You’ve probably never heard of Arthur Holly Compton, he was a Nobel Prize winning physicist, who is also responsible for the invention of the speed bump in 1953. Now the 50’s was a decade for several remarkable innovations and fashion trends, but I think most of them have passed Peru by, except for the speed bump. They appear to be everywhere on the roads in this country, particularly today, as the Lima to Cape Horn rally ticked off 550 km’s from Urubamba to Puno. They hide them well too, usually blending into the road, ready to catch out the unwary motorist and just to illustrate their prevalence, they have even installed them on dual carriageways! The Peruvian Transport Authority will be getting a bill from my Osteopath…
Onto happier matters though, today was a day that went by without major incident, which after all the excitement of the first few days of this rally was no doubt a blessed relief for clerk of the course Chris Elkins. In fact, the roads today were a real treat and began with a joyous cross country run on undulating and flowing roads out to the first-time control of the day. There was a bit of traffic to contend with, there is only really one main road around here after all but overtaking the busses and lorries that punctuated the roads became a game in itself after a while.
There was also finally a return to competition today, with two regularities to break up the afternoon, after a morning spent largely gaining ground. Before the first could begin though just after midday there was a lengthy wait for some of the cars at major road works. Such was the length of time that the cars were kept waiting, I daresay a few began to wonder if one of the chaps holding the stop and go boards had in fact expired on the job as very little traffic seemed to be emerging from the works from the opposite direction. This theory was only compounded when an ambulance emerged from the works with its sirens blaring, perhaps he really had perished?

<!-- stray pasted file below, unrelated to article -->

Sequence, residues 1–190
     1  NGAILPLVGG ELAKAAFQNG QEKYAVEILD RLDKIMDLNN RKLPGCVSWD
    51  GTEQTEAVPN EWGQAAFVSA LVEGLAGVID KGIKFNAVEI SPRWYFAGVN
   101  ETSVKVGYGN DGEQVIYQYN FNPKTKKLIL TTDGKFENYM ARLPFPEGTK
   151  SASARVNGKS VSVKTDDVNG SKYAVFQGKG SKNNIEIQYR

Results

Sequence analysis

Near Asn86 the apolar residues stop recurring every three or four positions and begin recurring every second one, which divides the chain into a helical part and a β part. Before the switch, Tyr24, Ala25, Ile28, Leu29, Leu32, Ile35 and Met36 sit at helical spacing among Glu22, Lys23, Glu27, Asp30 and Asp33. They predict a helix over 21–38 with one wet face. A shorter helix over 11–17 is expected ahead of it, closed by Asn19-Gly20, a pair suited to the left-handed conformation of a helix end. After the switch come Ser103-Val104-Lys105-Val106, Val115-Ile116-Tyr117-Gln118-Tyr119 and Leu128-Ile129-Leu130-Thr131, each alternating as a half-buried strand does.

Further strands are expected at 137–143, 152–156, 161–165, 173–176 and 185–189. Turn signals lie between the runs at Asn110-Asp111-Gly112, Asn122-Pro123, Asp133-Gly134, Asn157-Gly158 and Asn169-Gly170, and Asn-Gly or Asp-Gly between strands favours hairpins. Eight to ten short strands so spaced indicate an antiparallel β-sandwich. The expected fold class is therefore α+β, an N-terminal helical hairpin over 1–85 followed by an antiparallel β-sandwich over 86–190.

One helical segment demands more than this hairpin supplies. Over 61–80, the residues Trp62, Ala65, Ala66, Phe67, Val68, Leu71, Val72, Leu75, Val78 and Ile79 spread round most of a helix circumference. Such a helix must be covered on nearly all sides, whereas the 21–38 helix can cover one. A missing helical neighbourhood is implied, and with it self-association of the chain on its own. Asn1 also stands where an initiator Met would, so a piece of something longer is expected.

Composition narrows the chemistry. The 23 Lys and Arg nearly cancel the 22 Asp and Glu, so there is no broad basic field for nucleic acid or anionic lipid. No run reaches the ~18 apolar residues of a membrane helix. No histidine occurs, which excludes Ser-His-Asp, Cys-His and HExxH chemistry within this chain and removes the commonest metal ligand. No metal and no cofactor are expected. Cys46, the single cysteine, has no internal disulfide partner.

When the first regularity did finally come it was worth the wait, a blissful run around the ridges of the mountains on a dirt road that was smooth enough to maintain speed and loose enough to enjoy. It was a real thrill to be back to business after the false starts so far, and everyone seemed to be enjoying themselves in the dust, especially Matteo Kamata + Federico Ferrari in their multicoloured Porsche 911 T Safari, who rather than attempt to stick to any given average speed looked to be putting the boot in everywhere, but then again, who wouldn’t in a car that looks and sounds as magnificent as their ’73 Porsche?!
As exultant as the day was, there was also some food for thought as the rally passed through one ramshackle settlement after another, displaying the poverty that is so prevalent for many in this country, despite it being classed as a middle-income economy. Buildings seemed either half built, or half fallen down. As we reached the latter stages of today’s route the roads took us through the urban sprawl of Juliaca, and it’s 276 thousand residents, who seemingly all ride a Moto-Taxi. Joking aside, the clutter and disarray of the streets of this apparent centre for economic investment was plain to see, and the packed rush hour streets seemed to be filled with both excitement and abandonment.
The promise of gold and adventure bought men west to this continent in the 16th century, following the path of the setting sun and in Peru we have certainly found adventure, but also witnessed those that are fighting for something more. As we head to the border and fresh adventure in Bolivia tomorrow, I hope these children of the sun find their El Dorado and those that are the future of this country can flourish.